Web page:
It never fails that Chicago Med manages to emotionally destroy audiences week after week. In the best way possible. There are tears of joy, tears of anger, and tears of grief that never let up. There are moments that leave your heart racing and moments where you could swear someone was pounding your heart with a hammer. I’m amazed that I still have a working heart at this point after all of the emotional trauma this show has brought about.
Chicago Med delivered yet another emotionally powerful episode in “Lesson Learned,” that also served to teach us all a hard lesson about life. About how it’s not what you want, but what that person wants. No matter how much you want to save someone, sometimes you just can’t. Sometimes you just have to give up control. And sometimes, you just need to hold onto someone for dear life because you can’t stand without some support from a loved one.
There was so much happening in “Lesson Learned,” which included Reese struggling to move forward, Rhodes struggling to give up control, and Halstead struggling to say goodbye. Chicago Med, while a procedural, is perhaps the most character-driven of the four One Chicago shows as there are ample opportunities to explore these characters and their stories – sometimes up to four at a time without skipping a beat, as evidenced by this episode.
Chicago Med never fails to satisfy you. It always keeps you on your toes, and it always forces you to have a full box of Kleenex nearby. This episode was a doozy.
Let’s break it down:
Treat the Patient, Not the Disease
If there’s one thing in this One Chicago universe that hurts me the most it’s seeing the Halstead brothers hurting in any way, shape, or form. So watching Will struggle through this immense emotional pain and guilt as he watched his mentor dying in front of him was the equivalent of having a root canal without Novocain.
In an episode aptly titled “Lesson Learned,” Will struggled to overcome the emotional paralysis that seemed to dictate his questionable actions. He fought tooth and nail to save Dr. Rowan because there was no way in hell he was going to let her die as he just stood by without fighting.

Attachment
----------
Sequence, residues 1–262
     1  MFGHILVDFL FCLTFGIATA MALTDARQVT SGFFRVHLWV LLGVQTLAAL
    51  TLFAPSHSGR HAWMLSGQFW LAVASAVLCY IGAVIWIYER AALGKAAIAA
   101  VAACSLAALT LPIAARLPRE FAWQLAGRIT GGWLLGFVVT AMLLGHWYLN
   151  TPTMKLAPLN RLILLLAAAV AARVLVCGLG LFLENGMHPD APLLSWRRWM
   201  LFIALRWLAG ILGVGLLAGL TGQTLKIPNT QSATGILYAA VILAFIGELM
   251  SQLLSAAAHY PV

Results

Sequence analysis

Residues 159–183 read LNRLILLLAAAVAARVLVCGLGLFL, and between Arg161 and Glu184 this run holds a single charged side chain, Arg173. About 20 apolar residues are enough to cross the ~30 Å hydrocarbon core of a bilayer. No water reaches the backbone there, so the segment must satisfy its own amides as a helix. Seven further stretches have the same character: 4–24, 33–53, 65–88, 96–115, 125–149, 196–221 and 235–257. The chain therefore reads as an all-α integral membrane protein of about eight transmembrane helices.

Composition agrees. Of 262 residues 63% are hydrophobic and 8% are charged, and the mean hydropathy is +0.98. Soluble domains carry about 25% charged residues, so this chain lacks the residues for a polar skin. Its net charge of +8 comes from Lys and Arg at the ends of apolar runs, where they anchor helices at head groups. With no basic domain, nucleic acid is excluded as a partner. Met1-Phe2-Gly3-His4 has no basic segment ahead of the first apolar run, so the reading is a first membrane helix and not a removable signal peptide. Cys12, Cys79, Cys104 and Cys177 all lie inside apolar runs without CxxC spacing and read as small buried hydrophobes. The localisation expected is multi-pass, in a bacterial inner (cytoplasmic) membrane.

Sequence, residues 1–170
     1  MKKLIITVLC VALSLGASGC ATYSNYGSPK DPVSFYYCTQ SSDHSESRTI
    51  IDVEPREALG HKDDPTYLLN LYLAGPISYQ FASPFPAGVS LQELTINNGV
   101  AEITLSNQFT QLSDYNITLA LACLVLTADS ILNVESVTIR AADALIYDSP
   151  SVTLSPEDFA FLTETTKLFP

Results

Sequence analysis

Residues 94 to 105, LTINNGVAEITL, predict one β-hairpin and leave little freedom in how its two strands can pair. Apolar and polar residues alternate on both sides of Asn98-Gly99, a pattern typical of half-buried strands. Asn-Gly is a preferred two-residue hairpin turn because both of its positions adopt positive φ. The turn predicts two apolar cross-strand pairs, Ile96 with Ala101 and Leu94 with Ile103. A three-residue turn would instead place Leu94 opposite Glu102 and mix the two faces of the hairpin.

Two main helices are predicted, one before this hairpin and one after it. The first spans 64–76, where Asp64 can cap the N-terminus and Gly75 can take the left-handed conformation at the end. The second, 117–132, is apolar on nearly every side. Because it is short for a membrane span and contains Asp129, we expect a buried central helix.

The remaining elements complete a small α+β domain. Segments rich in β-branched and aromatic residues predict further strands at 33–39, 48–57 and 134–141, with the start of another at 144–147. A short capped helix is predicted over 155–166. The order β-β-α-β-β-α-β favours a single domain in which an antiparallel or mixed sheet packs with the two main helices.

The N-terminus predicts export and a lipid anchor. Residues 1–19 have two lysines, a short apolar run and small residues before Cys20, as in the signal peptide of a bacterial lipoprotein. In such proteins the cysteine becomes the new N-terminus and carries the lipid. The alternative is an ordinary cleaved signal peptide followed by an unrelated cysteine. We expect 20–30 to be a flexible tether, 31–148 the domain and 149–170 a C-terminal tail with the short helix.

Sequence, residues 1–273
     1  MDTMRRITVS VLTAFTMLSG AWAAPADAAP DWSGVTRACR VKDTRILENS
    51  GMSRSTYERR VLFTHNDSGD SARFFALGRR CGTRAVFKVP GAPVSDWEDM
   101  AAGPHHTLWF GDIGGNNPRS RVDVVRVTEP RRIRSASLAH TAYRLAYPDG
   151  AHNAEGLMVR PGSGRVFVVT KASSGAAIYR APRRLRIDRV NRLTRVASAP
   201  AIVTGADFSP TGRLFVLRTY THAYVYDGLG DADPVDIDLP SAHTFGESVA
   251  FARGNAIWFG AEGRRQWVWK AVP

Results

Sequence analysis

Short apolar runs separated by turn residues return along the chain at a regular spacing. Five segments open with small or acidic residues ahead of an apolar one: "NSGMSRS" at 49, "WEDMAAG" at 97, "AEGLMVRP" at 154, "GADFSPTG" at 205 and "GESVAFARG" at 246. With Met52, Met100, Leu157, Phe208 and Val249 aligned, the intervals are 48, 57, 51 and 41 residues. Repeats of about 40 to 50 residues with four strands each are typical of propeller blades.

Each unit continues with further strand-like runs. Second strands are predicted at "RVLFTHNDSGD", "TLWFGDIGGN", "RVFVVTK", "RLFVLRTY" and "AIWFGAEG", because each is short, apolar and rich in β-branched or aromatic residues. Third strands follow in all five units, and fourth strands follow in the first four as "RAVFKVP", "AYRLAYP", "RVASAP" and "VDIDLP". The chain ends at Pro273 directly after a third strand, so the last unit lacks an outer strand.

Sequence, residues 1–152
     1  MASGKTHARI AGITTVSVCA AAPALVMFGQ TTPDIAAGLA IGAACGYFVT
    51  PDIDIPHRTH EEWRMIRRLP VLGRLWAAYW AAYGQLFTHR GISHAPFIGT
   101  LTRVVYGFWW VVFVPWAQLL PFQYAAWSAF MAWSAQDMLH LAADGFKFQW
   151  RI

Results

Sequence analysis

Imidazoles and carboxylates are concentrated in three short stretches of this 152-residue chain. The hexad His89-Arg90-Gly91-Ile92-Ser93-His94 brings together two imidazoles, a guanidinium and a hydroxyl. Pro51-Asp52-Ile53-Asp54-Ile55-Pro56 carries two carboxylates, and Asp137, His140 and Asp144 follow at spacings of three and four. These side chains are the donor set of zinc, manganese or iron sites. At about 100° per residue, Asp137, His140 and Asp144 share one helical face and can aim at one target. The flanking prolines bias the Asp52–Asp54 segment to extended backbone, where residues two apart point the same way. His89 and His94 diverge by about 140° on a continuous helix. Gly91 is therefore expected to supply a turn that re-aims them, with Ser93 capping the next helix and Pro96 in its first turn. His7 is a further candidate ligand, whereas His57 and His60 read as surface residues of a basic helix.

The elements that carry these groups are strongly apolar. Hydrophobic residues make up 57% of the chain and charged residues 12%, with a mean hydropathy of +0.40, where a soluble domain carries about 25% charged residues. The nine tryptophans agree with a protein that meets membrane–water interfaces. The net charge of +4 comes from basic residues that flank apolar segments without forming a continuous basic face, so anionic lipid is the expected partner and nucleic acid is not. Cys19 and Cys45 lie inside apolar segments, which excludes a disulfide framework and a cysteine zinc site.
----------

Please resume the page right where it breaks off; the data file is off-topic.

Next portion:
But Will was fighting to save his mentor that could not be saved.
Throughout his treatment of Rowan, Will watched a video of his mentor preaching a very important lesson that it took Will some time to learn: “Treat the patient, not the disease.” Basically, don’t fight to defeat the disease, fight to save the patient. You have to think about what the patient wants. Not what you want. The patient’s wants are the code. Whether that’s through treatment or just letting them pass on.
Will was hurting throughout this entire episode. He tried to mask his anger, fear, and a slew of other emotions. But that’s not the man he is. One of the beautiful things about Will Halstead is that he wears his heart on his sleeve. He’s so loving, so generous, and so good that when bad things happen you can’t help but curse the world.
Natalie and others looked on as Will went to extremes to attempt and save the life of the woman that is responsible for the doctor he is today. When it comes to emotions, there’s nothing more powerful in the world. Love, anger, grief. They’re like a plague that infects you entirely and you’re helpless to resist alone. Luckily Will had some help. Not only did Rowan help him through her powerful message, but Natalie stepped in to help her friend – which might’ve also sparked the start of something new…
Holding On For Dear Life
When the promo teases that a tragedy could bring two doctors closer together, we knew this was going to be a pivotal episode for Will and Natalie. But the thing I really liked about this progression was that it wasn’t something that was in your face. It was a lot of small things capped off by the big supportive embrace at the end. This was more about Natalie being aware of Will’s emotional state and offering her support, as well as Will leaning on her when he needed her.